I sat on a bench looking across the Hudson toward the green buttresses of the New Jersey Palisades. It was tranquil. Thoughts of the 67-acre park’s low-down past were pretty distant. One could have dropped off to sleep with no fear for the safety of wallet or shoes.
“The number one thing with these places is you have to make them clean and safe,” Midler said. “They have to be used and people have to be unafraid to use them because, if they are afraid, the same people that were trashing the parks in the first place will come back and trash them again.”
To keep people coming back, the NYRP leased a rustic stone stable from the city parks department at Fort Tryon and converted it into a restaurant several years ago. I took a table on the shaded slate terrace of the New Leaf Restaurant & Bar that day and ordered a cold beer and thought about how, in my conversation with her, Midler evoked a series of vivid sense memories from her Hawaiian childhood.
From an early age Midler’s middle-class parents had stressed to their daughters the importance of “giving back,” she explained, an ethos that, not altogether incidentally, is embodied in the ancient Hawaiian concept of pono. To anyone raised on that string of remote volcanic islands surrounded by limitless ocean, the pragmatic underpinnings of pono are far from an abstraction. And if they are, the state motto contains basic instructions for maintaining pono by safeguarding the most precious of resources. “Ua mau ke ea o ka aina i ka pono,” it reads. “The life of the land is perpetuated in righteousness.”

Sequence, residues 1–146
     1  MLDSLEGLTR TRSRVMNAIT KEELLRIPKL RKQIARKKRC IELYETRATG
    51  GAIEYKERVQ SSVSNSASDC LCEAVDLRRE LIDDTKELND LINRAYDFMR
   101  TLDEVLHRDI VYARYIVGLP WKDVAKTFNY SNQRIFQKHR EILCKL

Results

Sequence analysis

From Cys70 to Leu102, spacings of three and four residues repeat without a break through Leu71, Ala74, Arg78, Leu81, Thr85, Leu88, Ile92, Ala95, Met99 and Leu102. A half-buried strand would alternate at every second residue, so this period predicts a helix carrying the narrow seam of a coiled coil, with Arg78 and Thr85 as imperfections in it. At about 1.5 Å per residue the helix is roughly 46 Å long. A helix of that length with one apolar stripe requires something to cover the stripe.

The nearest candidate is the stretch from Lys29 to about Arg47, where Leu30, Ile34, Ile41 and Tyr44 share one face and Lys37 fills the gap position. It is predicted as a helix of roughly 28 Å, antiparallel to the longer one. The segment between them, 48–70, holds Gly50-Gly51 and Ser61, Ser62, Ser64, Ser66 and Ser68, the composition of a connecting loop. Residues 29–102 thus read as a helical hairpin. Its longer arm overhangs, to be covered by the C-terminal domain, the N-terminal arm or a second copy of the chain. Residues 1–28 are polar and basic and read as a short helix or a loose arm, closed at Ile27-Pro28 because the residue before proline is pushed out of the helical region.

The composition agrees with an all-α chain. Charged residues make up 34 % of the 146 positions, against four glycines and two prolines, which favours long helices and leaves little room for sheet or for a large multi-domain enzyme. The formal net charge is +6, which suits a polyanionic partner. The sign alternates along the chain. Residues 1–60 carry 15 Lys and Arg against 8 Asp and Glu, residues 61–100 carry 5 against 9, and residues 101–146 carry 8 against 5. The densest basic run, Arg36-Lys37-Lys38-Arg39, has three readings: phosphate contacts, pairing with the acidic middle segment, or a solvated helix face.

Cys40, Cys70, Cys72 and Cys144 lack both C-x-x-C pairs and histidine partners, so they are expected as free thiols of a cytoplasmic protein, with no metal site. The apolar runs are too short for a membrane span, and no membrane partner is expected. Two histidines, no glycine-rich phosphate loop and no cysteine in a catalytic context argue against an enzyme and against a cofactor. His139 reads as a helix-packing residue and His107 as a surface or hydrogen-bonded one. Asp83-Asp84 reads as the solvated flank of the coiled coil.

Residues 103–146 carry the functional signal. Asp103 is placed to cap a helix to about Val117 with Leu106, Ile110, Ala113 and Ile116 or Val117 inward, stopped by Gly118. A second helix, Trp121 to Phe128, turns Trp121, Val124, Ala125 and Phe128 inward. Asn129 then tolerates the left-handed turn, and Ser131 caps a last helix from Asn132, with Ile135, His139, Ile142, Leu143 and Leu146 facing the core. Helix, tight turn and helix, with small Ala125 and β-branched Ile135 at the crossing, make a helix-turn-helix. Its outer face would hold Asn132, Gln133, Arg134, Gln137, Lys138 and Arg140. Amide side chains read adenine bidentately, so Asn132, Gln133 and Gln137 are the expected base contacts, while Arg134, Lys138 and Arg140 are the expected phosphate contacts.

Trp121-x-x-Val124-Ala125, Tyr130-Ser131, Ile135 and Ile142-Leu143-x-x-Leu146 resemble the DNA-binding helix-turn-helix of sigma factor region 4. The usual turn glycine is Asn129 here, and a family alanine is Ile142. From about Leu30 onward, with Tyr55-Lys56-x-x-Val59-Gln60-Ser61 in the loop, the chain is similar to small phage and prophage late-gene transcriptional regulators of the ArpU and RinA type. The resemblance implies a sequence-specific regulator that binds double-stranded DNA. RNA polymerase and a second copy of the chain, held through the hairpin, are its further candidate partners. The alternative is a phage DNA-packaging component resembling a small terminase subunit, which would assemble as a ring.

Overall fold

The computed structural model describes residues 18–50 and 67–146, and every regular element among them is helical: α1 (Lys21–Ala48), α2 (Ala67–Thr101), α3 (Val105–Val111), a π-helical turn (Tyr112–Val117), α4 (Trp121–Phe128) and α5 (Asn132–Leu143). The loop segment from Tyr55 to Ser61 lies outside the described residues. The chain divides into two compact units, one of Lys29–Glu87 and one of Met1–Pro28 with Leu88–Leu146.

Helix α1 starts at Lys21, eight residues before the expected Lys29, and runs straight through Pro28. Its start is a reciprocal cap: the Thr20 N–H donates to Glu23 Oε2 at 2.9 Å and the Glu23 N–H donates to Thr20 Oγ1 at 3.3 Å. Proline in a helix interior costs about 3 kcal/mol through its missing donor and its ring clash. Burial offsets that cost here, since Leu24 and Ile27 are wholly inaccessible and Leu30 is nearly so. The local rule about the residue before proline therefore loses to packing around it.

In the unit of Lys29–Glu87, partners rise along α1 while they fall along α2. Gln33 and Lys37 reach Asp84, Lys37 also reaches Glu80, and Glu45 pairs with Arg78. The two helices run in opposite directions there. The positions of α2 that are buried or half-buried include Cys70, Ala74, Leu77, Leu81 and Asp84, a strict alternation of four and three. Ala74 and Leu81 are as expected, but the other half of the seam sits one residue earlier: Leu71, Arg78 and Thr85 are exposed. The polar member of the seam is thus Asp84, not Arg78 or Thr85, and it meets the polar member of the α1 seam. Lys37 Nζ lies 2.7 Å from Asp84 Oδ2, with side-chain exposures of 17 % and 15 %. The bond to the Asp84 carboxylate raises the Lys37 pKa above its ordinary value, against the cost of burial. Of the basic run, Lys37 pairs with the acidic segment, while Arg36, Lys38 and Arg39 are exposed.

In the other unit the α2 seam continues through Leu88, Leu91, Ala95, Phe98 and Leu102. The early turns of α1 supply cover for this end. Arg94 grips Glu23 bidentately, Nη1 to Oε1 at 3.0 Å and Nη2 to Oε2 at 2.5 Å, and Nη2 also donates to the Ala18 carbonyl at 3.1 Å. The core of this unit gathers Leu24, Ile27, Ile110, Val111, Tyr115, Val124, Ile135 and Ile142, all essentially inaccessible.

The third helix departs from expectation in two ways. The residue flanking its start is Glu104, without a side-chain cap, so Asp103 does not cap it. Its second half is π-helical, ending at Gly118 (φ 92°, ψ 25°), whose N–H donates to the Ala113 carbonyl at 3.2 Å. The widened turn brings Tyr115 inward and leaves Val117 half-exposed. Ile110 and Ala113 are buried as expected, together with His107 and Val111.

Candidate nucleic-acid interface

When I met her, Bette Midler explained briskly her common-sense approach to parks preservation: “First comes the land and then come the people on the land.” After that comes improvement of that land, in simple ways achieved by whatever means are required. Seeing the city she loved on the verge of dereliction did not move Midler to grieve but to fight. The urge to rescue and rehabilitate is deeply rooted in her, she added. “It’s what I do with music, too—find little pieces and then burnish them so people hear them in a different way.”
Guy Trebay is a reporter for the New York Times.